With over 80 energy meters, this is a one-of-a-kind deployment of such a scale in the country.
In a bid to drive more efficient operations on campus, the International Institute of Information Technology Hyderabad took a decision early this year to replace all traditional energy meters with state-of-the-art IoT enabled devices. While such a large scale deployment on an academic campus is unprecedented in itself, what is even more novel is that the meters are based on the next-gen LoRaWAN communication protocol.
LoRaWAN is a Long Range low power Wide Area Network, developed by Semtech as a communication standard for IoT networks. It allows transfer of information at low power over a wide range, thus forming a basis for cost-effective, long range and power-efficient sensor systems. “Like WiFi, LoRaWAN requires access points or gateways to communicate with the cloud, however, the range covered by a single gateway in the case of LoRaWAN is about 100 times more. For instance each WiFi access point can cover a range of 100 or 200 meters but with LoRaWAN, a single gateway can cover 10+ kms,” explains Dr. Aftab Hussain who is spearheading the deployment of LoRaWAN on campus.
Analyzing Energy Data
The process of installing 80 new 3-ph energy meters around the campus has begun in earnest and will be completed by December 2020. These meters will help in monitoring the energy, pf, voltage, current, peak demand for all phases. The data will be transmitted at 15-minute intervals, which is programmable based on specific requirements. The data which will be sent to a network server through LoRaWAN, will be decrypted, and archived using the OneM2M (Machine to Machine) standard. OneM2M is a global standards initiative that covers requirements, architecture, API specifications, security solutions and interoperability for machine-to-machine and IoT technologies. The energy meters have been manufactured by Sinhal Udyog (CRYSTAL), a Delhi-based company, in line with the Atmanirbhar Bharat initiative of GoI.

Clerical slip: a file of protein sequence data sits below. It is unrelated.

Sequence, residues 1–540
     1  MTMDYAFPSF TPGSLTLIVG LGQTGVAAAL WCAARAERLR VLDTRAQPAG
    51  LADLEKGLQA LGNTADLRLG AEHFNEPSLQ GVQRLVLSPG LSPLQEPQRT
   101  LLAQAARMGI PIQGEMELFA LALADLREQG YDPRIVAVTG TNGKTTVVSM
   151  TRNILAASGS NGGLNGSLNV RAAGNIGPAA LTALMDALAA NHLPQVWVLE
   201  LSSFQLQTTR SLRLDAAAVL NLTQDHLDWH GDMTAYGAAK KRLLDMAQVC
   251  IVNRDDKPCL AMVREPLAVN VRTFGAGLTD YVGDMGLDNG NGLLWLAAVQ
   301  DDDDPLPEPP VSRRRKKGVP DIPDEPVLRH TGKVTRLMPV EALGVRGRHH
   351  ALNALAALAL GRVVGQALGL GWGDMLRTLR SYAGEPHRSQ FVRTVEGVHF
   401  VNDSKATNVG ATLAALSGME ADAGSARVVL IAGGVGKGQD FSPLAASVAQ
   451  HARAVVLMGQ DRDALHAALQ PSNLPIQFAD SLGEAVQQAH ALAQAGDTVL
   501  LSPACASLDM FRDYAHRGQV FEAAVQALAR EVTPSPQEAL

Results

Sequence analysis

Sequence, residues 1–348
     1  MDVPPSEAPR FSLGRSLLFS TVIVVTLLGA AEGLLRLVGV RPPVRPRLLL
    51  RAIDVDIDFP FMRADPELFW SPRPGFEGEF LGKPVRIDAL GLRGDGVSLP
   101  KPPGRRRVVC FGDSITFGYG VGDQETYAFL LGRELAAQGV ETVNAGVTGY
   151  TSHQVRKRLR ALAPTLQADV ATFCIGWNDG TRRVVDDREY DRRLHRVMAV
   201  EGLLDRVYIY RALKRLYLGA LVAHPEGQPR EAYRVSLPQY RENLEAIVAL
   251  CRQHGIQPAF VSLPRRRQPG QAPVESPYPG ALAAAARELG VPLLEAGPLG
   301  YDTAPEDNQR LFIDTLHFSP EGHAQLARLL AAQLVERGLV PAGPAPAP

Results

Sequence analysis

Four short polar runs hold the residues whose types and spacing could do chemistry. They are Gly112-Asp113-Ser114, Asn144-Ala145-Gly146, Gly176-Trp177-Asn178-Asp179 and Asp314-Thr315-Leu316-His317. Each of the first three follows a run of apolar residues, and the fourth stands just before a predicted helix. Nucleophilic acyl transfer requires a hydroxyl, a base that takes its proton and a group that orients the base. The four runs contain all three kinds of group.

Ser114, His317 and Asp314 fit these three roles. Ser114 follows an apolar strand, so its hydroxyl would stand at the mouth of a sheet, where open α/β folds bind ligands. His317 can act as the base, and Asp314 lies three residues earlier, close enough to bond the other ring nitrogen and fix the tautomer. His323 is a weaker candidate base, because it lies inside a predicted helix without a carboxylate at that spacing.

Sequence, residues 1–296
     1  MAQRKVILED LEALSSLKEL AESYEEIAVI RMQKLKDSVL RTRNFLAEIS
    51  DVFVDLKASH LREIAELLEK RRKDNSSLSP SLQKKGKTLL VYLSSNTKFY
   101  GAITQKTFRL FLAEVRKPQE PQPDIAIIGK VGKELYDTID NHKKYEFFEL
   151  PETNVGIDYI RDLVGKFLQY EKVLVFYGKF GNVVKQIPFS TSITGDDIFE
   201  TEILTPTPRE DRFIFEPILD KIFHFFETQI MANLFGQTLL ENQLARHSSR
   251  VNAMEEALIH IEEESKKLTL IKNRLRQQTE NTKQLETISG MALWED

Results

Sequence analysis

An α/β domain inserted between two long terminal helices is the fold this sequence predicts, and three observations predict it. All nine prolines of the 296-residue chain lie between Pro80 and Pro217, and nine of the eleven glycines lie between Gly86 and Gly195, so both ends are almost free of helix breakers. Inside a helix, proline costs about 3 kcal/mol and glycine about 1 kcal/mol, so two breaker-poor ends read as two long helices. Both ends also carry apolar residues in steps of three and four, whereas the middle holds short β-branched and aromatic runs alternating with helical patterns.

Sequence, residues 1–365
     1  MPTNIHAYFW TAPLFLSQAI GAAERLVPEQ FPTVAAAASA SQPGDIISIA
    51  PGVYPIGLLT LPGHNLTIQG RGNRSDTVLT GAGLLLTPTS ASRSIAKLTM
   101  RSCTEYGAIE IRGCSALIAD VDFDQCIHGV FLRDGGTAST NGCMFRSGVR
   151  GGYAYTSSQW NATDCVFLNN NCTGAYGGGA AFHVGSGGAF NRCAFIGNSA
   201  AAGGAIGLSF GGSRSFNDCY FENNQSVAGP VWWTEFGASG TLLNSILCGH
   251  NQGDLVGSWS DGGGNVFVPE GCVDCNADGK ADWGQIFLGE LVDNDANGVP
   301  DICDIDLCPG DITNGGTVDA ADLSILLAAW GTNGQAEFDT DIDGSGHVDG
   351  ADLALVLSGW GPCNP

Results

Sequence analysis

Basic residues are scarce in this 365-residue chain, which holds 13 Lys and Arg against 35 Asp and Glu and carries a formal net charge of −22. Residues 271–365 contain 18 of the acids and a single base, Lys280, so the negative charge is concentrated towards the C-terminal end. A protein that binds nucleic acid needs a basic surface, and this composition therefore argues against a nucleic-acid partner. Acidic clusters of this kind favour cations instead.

Thanks to the LoRaWAN network, now IoT devices can be deployed anywhere on campus. “If you have a sensor node based on Arduino, you can ask it to communicate through a LoRaWAN transceiver with the network on campus. The transceiver can also be attached to anything, making the development and deployment of LoRaWAN-based sensors convenient” says Dr. Hussain. One such planned project of the smart campus initiative deals with monitoring water quality in the overhead tanks. With the help of sensors for detecting PH, turbidity, salinity, conductivity and temperature, water quality can be continuously monitored and the data collected from the sensors will go via LoRaWAN to the cloud. While the energy meters were industrially manufactured and procured, the setup for monitoring water quality will be made completely in-house by the students.
Interestingly, IIITH is serviced with LoRaWAN connectivity through two different network providers, also a first of its kind for an academic campus in the country. “Having two different networks operational on the campus provides flexibility in deployment, particularly when large amounts of sensors and data are to be supported. I believe the data generated will give a boost to our efforts in AI/ML as well. I am sure the analysis of such high-resolution energy data can provide interesting insights in the future,” says Dr. Hussain.